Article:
Films get made where the taxpayer lends a hand
As bit players go, New Zealand's film industry casts an impressively large shadow across the silver screen. Middle Earth-sized blockbusters as well as documentaries and short films continually grab attention at film festivals around the world. Projects that would have glimmered with mere potential a decade ago, before the Rings thing, now twinkle with a bright incandescence all their own.
Promises and prophesies aside, keeping it real, reel after reel, means taking a look at how we compare with other film-making nations. New Zealand accounts for about one-half of one percent of global industry investment in feature films. Mere minnows, we seem to achieve flickering miracles with this relatively small investment level. As the chart shows, this is comparable with Australia, though less than Canada. Unsurprisingly, the USA hogs the limelight with about 60 percent of the feature film spend in the world.
Investment money flow is one measure on the production side of the film industry. On the consumption side of the industry, a very different set of trends emerges with the number of cinema admissions per capita. The general decline in cinema-going may be linked to the increasing quality of home theatre gadgets and technological advances that now beam video-on-demand movies over the internet, as well as competition with other digital entertainment forms like gaming. New Zealand is seeing a slower decline in cinema-going than the US. And who would have guessed there were fewer people out there in the dark in Canada?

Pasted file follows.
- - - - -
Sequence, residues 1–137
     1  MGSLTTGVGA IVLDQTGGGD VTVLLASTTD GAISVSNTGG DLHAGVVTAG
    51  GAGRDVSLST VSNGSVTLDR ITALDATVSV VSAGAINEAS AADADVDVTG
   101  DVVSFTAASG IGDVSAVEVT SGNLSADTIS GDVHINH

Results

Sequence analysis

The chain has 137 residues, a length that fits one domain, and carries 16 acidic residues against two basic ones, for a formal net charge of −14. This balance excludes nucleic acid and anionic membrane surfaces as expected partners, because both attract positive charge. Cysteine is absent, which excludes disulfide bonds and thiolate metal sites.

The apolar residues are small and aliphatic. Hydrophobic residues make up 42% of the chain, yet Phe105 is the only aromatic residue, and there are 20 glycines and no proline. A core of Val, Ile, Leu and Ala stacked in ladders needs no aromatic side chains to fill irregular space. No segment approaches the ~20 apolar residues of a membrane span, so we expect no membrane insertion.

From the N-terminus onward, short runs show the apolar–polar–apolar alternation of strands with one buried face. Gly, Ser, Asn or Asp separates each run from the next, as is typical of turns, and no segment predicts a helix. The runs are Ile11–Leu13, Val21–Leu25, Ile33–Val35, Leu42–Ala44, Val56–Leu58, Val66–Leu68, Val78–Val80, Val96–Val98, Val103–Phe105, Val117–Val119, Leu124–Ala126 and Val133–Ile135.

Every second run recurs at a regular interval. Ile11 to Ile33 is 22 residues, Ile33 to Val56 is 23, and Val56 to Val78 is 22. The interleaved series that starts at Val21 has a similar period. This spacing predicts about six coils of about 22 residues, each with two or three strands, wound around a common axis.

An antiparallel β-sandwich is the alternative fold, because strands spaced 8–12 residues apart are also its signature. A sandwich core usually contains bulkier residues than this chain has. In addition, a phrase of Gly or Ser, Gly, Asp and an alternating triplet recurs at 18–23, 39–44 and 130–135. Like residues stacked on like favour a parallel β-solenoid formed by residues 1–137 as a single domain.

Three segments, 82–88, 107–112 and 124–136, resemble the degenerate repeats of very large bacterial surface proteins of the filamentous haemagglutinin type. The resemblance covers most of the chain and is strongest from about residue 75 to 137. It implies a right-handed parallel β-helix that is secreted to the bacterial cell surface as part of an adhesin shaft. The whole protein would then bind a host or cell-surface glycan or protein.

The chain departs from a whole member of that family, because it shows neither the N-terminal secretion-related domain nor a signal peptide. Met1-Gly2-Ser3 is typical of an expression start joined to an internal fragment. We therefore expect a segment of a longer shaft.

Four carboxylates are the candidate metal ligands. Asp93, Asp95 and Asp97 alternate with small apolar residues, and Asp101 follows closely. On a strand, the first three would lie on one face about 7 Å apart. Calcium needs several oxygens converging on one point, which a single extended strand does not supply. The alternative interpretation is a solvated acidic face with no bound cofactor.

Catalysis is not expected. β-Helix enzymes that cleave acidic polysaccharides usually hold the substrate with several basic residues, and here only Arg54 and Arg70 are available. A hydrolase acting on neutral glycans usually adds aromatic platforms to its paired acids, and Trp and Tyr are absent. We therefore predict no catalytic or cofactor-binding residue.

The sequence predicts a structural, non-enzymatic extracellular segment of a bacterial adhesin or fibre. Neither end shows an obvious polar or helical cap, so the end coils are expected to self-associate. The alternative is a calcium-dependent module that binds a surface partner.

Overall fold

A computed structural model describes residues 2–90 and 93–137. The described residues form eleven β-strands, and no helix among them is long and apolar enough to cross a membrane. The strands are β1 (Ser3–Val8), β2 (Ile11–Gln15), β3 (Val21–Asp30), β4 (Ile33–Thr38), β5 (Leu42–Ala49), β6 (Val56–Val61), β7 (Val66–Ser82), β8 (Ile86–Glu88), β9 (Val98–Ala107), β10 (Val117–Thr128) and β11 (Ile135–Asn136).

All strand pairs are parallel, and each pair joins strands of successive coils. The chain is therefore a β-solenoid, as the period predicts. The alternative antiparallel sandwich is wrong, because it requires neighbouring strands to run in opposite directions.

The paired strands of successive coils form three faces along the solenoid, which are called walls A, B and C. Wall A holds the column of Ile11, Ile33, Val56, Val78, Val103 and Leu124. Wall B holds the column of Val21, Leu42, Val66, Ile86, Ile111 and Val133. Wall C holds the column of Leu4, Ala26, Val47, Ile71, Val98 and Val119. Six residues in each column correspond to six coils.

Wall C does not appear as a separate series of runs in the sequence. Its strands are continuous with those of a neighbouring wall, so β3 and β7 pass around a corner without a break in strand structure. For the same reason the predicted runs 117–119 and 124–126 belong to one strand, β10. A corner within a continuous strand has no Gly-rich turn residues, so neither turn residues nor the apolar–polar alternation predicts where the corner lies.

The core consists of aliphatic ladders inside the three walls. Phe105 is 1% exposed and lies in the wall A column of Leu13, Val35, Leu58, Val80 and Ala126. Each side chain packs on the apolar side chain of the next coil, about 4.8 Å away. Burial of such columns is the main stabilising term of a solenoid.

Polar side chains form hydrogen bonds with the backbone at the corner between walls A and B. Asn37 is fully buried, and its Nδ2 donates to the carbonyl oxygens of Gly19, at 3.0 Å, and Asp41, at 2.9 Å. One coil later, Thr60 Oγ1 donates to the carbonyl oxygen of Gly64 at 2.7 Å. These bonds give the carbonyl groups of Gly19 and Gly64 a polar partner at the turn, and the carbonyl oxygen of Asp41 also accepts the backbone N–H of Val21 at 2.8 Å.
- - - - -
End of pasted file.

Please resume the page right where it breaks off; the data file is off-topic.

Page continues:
The complex frame of government policy links these trends of production and consumption. On one hand, policies to encourage investment (including foreign investment) in films are managed by organisations like the New Zealand Film Commission. Policies are put together by people who watch the political polls on all manner of issues (See 'Bigger than Braindead’, Idealog #8, page 98). Political appointees govern national film organisations here and all around the world, which are seen as strategically and culturally important ships of state. If film shines brightly, the sector may be in line for more money to further encourage more investors, in a virtuous circle. Or maybe things don't go so well, and the system gets changed again.
There's a King Kong-sized bit of monkey business whenever any changes are suggested to the highly-politicised business of funding films. Fighting over peanuts is enough to drive anyone bananas. That's the depressing truth about how politics affects what you see at the movies. Put you off your popcorn?
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